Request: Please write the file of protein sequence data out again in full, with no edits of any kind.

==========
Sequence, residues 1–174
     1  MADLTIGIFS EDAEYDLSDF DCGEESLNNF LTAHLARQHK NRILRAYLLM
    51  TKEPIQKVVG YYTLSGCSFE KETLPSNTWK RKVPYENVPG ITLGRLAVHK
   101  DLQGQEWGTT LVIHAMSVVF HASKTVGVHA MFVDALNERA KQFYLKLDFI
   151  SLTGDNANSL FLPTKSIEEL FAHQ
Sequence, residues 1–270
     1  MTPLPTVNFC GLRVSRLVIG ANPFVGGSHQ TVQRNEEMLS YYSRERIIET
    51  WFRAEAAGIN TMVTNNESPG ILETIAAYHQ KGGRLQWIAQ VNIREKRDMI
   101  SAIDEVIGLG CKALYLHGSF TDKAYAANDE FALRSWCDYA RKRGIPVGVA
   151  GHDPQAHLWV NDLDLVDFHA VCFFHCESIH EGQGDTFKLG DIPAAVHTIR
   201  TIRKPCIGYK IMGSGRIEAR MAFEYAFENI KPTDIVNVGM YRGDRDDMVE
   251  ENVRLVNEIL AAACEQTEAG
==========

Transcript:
Sequence, residues 1–174
     1  MADLTIGIFS EDAEYDLSDF DCGEESLNNF LTAHLARQHK NRILRAYLLM
    51  TKEPIQKVVG YYTLSGCSFE KETLPSNTWK RKVPYENVPG ITLGRLAVHK
   101  DLQGQEWGTT LVIHAMSVVF HASKTVGVHA MFVDALNERA KQFYLKLDFI
   151  SLTGDNANSL FLPTKSIEEL FAHQ
Sequence, residues 1–270
     1  MTPLPTVNFC GLRVSRLVIG ANPFVGGSHQ TVQRNEEMLS YYSRERIIET
    51  WFRAEAAGIN TMVTNNESPG ILETIAAYHQ KGGRLQWIAQ VNIREKRDMI
   101  SAIDEVIGLG CKALYLHGSF TDKAYAANDE FALRSWCDYA RKRGIPVGVA
   151  GHDPQAHLWV NDLDLVDFHA VCFFHCESIH EGQGDTFKLG DIPAAVHTIR
   201  TIRKPCIGYK IMGSGRIEAR MAFEYAFENI KPTDIVNVGM YRGDRDDMVE
   251  ENVRLVNEIL AAACEQTEAG